It is important not to leave winter planning until the first snowfall, explains Vicky Lopez.
09 October 2018 | Vicky Lopez
The 'Beast from the East' plagued the UK just a few months ago yet it seems like a distant memory in light of summer's heatwave. But the past winter was one of the most challenging in 20 years.
Three big snow events saw some counties cut off. The result was high demand from customers that had failed to plan adequately, which meant our snow clearance work was reactive/emergency, and we battled closures and delays on the roads, and elements beyond our control.
So this is what we learnt from the 'Beast', and what you can do to prepare for operational difficulties.
1) Take responsibility
If you are going to outsource your gritting and snow clearing to contractors, make sure you clearly scope the work they do and whether they have sufficient local resources and capabilities to deliver the service in all weather conditions.
Don't be pushed into a 'one-size-fits-all' contract. Examine the needs of your site and work closely with the contractor to guarantee that they are met. When do people come on and off a particular site? Are lorries on site all day? Is it an office with a 9-5 culture? FMs need to know when risk is high and what safeguards need to be in place. Bear in mind that spreading salt is best done before cold weather.
Ensure that your provider is fully aware of how your site operates, where your priority routes are, and how far the business will go to keep the site open during extremely adverse weather.
If you plan to use internal resources, make certain the following are in place:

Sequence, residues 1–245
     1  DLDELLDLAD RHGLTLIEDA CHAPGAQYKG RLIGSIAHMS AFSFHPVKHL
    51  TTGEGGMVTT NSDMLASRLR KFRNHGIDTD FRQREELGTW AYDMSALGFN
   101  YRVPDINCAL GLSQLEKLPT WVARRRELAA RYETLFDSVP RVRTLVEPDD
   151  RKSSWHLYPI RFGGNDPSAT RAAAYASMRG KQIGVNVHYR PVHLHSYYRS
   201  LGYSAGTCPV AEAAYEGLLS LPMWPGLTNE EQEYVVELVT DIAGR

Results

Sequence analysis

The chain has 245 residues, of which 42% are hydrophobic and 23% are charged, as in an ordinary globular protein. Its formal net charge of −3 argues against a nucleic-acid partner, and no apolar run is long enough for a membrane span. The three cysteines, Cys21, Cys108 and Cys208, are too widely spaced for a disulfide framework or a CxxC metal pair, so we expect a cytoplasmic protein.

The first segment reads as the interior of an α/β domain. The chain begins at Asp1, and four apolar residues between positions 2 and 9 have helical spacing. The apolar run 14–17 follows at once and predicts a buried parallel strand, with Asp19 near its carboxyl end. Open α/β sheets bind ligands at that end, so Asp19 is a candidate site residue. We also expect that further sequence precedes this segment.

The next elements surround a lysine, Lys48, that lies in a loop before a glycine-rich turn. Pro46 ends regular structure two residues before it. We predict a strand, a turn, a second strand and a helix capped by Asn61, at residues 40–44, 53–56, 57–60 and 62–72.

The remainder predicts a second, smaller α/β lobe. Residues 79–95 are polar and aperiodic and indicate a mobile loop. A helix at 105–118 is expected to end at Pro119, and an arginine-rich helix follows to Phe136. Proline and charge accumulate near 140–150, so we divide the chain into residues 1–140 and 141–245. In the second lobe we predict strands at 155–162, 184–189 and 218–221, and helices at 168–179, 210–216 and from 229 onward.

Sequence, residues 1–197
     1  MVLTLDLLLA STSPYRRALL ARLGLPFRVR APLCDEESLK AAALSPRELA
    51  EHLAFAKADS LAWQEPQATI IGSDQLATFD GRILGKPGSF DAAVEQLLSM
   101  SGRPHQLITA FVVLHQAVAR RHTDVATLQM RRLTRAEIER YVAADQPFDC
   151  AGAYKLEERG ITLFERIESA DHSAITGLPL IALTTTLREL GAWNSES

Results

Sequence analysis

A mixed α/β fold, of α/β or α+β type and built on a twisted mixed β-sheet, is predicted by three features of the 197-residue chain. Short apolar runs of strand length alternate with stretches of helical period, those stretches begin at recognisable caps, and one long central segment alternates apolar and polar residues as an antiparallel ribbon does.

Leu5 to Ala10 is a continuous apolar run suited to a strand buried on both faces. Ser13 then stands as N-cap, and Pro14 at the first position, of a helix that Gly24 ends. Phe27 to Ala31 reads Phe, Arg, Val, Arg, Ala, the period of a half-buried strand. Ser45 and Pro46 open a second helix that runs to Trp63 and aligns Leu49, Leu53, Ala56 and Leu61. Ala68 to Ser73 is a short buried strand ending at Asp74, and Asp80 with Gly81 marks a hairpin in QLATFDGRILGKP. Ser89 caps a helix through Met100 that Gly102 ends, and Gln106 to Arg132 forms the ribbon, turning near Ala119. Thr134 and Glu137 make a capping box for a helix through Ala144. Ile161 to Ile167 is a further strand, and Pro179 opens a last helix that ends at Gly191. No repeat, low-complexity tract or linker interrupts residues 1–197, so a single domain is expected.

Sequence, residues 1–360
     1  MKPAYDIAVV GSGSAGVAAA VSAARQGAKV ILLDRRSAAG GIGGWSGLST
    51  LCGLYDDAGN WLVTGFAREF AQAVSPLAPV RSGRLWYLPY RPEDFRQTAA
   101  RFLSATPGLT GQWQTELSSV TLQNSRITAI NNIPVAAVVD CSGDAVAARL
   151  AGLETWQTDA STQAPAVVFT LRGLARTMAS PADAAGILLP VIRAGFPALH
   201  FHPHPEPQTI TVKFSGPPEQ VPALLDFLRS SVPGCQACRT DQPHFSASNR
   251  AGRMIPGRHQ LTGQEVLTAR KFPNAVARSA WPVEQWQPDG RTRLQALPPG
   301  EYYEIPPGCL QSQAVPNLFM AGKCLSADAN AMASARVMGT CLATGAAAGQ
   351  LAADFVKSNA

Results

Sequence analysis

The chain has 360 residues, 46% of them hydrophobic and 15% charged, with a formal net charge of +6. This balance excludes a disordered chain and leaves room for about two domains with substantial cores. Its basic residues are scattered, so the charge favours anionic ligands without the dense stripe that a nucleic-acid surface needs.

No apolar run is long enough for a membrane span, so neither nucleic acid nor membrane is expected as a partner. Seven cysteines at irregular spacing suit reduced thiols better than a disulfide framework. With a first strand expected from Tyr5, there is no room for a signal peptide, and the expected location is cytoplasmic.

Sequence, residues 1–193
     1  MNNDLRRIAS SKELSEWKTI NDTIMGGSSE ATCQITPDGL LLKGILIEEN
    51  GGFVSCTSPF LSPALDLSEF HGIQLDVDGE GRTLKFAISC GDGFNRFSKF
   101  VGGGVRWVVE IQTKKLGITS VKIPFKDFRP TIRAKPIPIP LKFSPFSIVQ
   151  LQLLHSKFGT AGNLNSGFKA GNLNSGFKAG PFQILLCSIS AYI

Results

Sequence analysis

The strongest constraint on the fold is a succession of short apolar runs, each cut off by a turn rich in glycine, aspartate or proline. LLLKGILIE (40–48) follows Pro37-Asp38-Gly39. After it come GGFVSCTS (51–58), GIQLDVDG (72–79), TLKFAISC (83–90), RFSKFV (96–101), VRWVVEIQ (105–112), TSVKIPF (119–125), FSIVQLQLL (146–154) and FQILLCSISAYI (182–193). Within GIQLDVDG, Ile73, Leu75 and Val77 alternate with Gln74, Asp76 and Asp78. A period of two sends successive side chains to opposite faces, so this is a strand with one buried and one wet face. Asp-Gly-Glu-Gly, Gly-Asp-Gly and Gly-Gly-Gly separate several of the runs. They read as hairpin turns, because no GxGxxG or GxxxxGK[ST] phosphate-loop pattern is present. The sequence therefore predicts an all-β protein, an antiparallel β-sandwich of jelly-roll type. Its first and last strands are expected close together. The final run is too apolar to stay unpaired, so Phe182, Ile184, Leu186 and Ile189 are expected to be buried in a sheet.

Winter policy: Determine when, where and why you will grit or not grit.
- Resources: Have the necessary machinery, labour and products well maintained and ready for action.
- Forecasting: Decide upon a temperature trigger point (the industry standard is 0°C, which will kick-start your gritting operations.
- Training: Ensure that staff are trained to use the equipment.
An important consideration for those that manage winter resilience in-house is that in the event of a claim (which can be many years later), you have a clear audit trail and evidence as to why a site was or wasn't gritted.
3) Agree on the worst-case scenario
This will depend on the type of organisation and site requirements. An extreme example is a new client approached us in the midst of the 'Beast from The East' as it didn't have a winter service in place and had lorries jack-knifing on its site.
Part of the worst-case scenario requires making a judgement call on whether staff should come into work or not. This is the point where - in many cases - money becomes no object. For example, a hospital or hospice will need to remain open no matter how bad the weather.
4) Create a continuity plan
Consider the following points.
- Part closure/skeleton staff that can walk to work safely while others work from home.
- Clear winter policy so that staff know what is expected of them on a snowy day: Will they be paid? Can they take holiday or work from home?
- If you have zero tolerance for closure, invest sufficiently into a solution that gives you the best chance of staying operational.
- Budget for extra expenses in case of a severe winter.
- Plan but be flexible; although weather forecasting is accurate up to three to five days in advance, snow is the most difficult to predict and situations can change hourly.
5) Understand the service you've bought
Engage with your provider before winter begins to guarantee that everyone is singing from the same hymn sheet. This may not have been a service you originally procured and it is vital that no assumptions are made (on either side).
Take snow clearance as an example. With our 'proactive contracts', triggers are agreed to and set with the client for the individual site requirements. Our services are then activated automatically.
In addition, before any major adverse weather, a purchase order for additional work will ensure that service delivery processes will not be delayed and, if not needed, they can be cancelled. In that way, customers are charged only for the services they receive.
Vicky Lopez is founder and director of De-ice